Muslims

Muslims (Arabic: مُسلِم‎) are people who follow or practice Islam, a monotheistic Abrahamic religion. Muslims consider the Quran, their holy book, to be the verbatim word of God as revealed to the Islamic prophet and messenger Muhammad, may peace be upon him and his family. Muslims also generally follow the teachings and practices of Muhammad (sunnah). Those who obtain these teachings primarily from his Companions (sahaba) are called Sunni, and those who take them from his family (ahl al-bayt) are called the Shi'a.

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Sayyed Mohammad Al-Musawi, Sayyed Mohammad al-Musawi is originally from Iraq and heads up the World Ahlul Bayt Islamic League in London. Other than being involved in various humanitarian projects, he frequently responds to... Answered 1 week ago

The best response can be from Muslims in France by practicing the teachings of the Prophet Muhammad in their life and with their neighbours. That will show people the real teachings of Islam and will give practical evidence that the cartoonist is wrong.

Muslims in the world should not give business and profit to those who attack Islam and Muslims.

Wassalam.

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Zaid Alsalami, Shaykh Dr Zaid Alsalami is an Iraqi born scholar, raised in Australia. He obtained a BA from Al-Mustafa University, Qom, and an MA from the Islamic College in London. He also obtained a PhD from... Answered 1 month ago

Bismihi ta'ala

The obligatory daily prayers for all Muslims are the same times: Fajr, Dhuhr, 'Asr, Maghreb, 'Isha`. 

The timing for these prayers are extremely similar for all Islamic schools of thought at as well. The point of difference as far as timing is in two aspects:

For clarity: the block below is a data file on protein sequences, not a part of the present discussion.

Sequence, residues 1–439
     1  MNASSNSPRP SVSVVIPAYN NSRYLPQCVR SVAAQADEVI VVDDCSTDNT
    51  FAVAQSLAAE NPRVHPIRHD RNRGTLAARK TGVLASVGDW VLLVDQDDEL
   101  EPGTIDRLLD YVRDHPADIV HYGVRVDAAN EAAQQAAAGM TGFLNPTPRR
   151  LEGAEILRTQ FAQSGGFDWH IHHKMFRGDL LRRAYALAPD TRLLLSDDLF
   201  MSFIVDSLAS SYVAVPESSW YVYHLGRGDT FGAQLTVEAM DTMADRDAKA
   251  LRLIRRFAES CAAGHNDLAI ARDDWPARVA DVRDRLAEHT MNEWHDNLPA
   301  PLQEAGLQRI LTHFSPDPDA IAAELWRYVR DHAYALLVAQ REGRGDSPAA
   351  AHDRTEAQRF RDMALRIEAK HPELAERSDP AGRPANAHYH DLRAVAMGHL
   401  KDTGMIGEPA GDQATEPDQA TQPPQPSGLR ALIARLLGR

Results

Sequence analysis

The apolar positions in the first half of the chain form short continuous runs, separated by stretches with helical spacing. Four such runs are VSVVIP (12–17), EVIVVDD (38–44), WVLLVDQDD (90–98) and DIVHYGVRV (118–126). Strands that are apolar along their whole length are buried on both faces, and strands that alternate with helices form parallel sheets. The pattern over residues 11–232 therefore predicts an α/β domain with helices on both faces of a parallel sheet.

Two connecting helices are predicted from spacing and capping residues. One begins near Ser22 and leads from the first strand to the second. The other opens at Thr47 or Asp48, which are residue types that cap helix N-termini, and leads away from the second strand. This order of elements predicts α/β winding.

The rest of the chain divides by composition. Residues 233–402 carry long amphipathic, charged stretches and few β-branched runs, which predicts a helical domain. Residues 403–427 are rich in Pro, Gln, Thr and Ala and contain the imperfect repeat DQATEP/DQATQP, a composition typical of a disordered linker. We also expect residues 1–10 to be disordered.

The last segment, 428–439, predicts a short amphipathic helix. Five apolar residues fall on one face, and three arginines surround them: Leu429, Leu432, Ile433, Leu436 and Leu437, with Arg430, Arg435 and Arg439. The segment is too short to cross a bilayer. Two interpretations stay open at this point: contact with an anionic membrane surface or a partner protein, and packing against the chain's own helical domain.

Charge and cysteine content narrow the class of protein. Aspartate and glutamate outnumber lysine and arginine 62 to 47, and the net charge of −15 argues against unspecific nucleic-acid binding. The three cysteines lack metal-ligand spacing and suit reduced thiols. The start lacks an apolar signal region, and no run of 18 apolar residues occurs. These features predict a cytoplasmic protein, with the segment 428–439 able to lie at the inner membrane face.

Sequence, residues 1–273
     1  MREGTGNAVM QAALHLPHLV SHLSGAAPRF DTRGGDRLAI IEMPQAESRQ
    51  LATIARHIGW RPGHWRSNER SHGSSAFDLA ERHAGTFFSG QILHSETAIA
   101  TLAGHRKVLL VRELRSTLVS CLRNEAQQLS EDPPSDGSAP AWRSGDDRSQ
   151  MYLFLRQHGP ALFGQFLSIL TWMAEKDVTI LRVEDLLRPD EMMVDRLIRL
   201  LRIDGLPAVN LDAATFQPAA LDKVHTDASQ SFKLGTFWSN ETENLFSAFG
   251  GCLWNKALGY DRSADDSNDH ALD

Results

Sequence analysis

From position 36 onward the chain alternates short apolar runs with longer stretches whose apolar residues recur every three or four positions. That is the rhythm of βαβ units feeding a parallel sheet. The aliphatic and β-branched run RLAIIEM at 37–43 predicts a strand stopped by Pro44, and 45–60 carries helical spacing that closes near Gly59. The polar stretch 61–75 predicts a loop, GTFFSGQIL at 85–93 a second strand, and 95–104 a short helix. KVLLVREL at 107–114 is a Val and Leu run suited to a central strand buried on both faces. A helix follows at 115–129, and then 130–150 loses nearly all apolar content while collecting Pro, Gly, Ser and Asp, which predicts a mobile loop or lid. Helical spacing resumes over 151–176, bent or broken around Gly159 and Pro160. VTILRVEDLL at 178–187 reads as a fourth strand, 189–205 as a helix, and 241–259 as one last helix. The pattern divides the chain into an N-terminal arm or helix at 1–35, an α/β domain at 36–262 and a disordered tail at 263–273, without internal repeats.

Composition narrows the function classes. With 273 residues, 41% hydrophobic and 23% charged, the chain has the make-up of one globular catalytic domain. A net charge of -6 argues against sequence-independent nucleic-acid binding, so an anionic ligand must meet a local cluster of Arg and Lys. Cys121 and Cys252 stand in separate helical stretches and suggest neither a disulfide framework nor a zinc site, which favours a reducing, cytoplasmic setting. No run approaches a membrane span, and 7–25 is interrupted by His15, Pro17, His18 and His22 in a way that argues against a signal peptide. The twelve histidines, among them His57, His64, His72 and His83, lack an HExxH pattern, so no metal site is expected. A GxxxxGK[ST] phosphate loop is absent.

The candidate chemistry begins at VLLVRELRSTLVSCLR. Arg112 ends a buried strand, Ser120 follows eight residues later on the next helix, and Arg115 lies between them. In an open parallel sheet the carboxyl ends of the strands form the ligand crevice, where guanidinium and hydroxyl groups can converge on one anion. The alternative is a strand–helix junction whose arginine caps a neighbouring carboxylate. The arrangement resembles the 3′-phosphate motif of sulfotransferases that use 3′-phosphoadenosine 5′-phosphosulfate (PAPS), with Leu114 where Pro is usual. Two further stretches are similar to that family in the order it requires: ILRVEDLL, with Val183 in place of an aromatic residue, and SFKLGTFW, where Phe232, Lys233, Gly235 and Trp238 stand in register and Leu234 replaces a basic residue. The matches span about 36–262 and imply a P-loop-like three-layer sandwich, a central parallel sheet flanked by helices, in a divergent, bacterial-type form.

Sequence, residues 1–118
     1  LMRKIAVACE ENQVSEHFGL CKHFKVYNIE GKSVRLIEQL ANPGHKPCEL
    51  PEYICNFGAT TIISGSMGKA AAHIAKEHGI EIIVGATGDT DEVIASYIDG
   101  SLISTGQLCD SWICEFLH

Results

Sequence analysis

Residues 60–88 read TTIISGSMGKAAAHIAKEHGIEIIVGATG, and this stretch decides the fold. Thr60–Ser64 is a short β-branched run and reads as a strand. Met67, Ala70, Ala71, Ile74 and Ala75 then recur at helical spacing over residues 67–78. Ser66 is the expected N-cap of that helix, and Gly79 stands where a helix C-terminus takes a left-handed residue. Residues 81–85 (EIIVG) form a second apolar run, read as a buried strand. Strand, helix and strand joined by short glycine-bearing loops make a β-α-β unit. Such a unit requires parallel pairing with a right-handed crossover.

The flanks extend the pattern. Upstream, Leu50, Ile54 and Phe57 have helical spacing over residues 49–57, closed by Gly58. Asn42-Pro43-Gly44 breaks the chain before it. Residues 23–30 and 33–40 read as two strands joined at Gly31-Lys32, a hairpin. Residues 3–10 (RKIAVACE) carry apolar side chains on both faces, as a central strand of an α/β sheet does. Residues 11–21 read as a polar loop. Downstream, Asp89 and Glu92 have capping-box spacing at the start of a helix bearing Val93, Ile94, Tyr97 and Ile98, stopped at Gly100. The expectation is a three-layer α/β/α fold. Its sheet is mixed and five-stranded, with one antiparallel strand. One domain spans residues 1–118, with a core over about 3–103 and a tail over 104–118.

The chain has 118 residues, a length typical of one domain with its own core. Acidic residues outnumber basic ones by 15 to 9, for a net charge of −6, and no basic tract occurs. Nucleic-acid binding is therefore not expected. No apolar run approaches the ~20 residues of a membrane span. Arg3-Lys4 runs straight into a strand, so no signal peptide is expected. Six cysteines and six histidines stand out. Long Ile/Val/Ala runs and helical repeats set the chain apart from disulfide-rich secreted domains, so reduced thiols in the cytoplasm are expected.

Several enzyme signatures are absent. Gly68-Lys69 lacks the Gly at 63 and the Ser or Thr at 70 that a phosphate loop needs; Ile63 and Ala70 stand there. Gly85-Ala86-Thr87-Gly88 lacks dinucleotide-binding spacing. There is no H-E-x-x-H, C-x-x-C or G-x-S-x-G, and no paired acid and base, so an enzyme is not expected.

1. 'Asr,

2. 'Isha`.

The difference here is that in the Ja'fari fiqhi view, the timing for these two prayers is not as distant away from Dhuhr and Maghreb as the Sunni fiqhi view states.

In fact, for 'Asr and 'Isha`, one is able to pray them once their finish the previous salat. Yes, it is recommended to pray nawafil, and do duas, etc, between Dhuhr and 'Asr, and Maghreb and 'Isha`, but these are not obligatory to do. 

So, basically, from the Shi'i perspective, it is permissible to join Dhuhr and 'Asr, and Maghreb and 'Isha`, and pray them one after the other.

In Sunni jurisprudence, this is not prohibited as well. One Sunni view is that this can be done only when travelling, with a valid excuse or in emergencies. Another Sunni view is that it can be done with a valid excuse or without.

We do know that in Sunni hadith books, there are numerous authenticated hadiths that mention the holy Prophet (s.a.w.) joined these prayers together and prayed them one after the other, without any excuse. 

Therefore, what the Shi'a do in combining between these two prayers is not something heretical or far fetched, or bad. Each madhhab is entitled to have their own jurisprudential view on certain things, especially when we see that there are many Sunni scholars who also approve of it as well. 

And Allah knows best.

 

 

 

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Sayyed Mohammad Al-Musawi, Sayyed Mohammad al-Musawi is originally from Iraq and heads up the World Ahlul Bayt Islamic League in London. Other than being involved in various humanitarian projects, he frequently responds to... Answered 2 months ago

Yes, Alawites are Muslims like all other Muslim sects.

'Wassalam.

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Sayyed Mohammad Al-Musawi, Sayyed Mohammad al-Musawi is originally from Iraq and heads up the World Ahlul Bayt Islamic League in London. Other than being involved in various humanitarian projects, he frequently responds to... Answer updated 3 months ago